Sept. 1, 2014 SIGN IN | REGISTER

Democrats Weigh Contingency Plans

“I think that the leadership is committed to doing everything it can to make sure that the health care bill moves as quickly as possible to the president’s desk,” Sen. Benjamin Cardin (D-Md.) said Tuesday. “Obviously, the vote in Massachusetts could have an impact on the strategy.”

Some Democratic aides acknowledged that the party made a strategic error in relying solely on the votes of Democrats to get the health care bill passed in the Senate. Though Democrats have a filibuster-proof majority, requiring consensus from all 60 Members of the caucus left no room for error and gave individual Democratic Senators more incentive to play for their own political interests, rather than promoting a united party front.

“Sixty was the worst thing that ever happened to us because it empowered people to be selfish, egotistical whiners,” said one Senate Democratic aide.

The aide added that the tactic damaged Democrats by exposing the natural tensions between party liberals and moderates.

“The problem is we play against each other all the time,” the aide said.

Before the Massachusetts results were even in on Tuesday, Democrats said that, win or lose, the race was certainly making them reassess their strategic vision for the year. “In this town, there’s spin, there’s perception and there’s reality,” said one senior Senate Democratic aide. “And regardless of the outcome, I think Democrats will take a look at the legislative agenda to see if it needs weakening going into the midterms.”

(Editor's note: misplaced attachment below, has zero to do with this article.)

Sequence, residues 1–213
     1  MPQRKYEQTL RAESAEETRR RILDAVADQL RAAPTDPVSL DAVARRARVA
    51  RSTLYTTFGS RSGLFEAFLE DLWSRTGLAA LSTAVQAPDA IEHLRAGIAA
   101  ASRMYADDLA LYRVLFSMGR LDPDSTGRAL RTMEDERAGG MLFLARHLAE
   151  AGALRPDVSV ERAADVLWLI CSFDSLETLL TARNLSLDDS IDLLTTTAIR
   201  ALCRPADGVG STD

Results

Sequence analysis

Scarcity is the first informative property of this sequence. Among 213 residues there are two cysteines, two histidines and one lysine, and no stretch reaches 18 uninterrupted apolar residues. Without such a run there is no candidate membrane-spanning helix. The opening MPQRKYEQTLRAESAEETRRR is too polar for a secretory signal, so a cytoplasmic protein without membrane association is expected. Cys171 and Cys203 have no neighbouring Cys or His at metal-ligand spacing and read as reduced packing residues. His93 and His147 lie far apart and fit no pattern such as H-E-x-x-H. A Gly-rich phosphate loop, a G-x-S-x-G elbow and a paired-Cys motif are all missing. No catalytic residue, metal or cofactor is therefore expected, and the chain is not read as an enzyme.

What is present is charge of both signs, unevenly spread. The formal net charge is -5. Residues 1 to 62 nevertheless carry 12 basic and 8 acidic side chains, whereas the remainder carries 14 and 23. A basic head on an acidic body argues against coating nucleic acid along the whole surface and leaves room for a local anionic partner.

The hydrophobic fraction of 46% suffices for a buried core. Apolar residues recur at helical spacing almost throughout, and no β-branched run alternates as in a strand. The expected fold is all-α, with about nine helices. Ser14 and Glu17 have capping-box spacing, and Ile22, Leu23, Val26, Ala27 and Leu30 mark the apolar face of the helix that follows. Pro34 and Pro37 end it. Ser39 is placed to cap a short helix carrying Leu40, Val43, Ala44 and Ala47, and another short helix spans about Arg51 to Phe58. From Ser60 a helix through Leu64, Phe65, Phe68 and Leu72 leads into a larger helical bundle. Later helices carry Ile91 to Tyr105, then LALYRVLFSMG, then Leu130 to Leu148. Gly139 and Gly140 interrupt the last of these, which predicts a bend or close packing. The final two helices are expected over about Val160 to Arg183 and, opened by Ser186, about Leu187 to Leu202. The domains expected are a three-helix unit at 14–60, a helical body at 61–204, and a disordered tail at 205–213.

Democrats had been racing to finish the health care bill before the special election appeared close, because they felt bogged down by the fight and wanted to pivot to bills intended to spur job creation and address economic concerns.

“To some extent, there already has been a realization that we need to more directly address the economy and jobs, and this year’s agenda will reflect that. It’s time to get back to basics,” said another senior Senate Democratic aide.

Aides said that while Democratic Attorney General Martha Coakley clearly ran a poor campaign, her failures were not the sole cause of the party’s troubles in the state. They noted that the Massachusetts race made the country’s anger and frustration over the economy more visible, but they cautioned against framing the entire 2010 election around the special election.

“There’s a political ice age between this race and November,” said the first senior aide. “A lot can happen.”

Jennifer Bendery and David M. Drucker contributed to this report.

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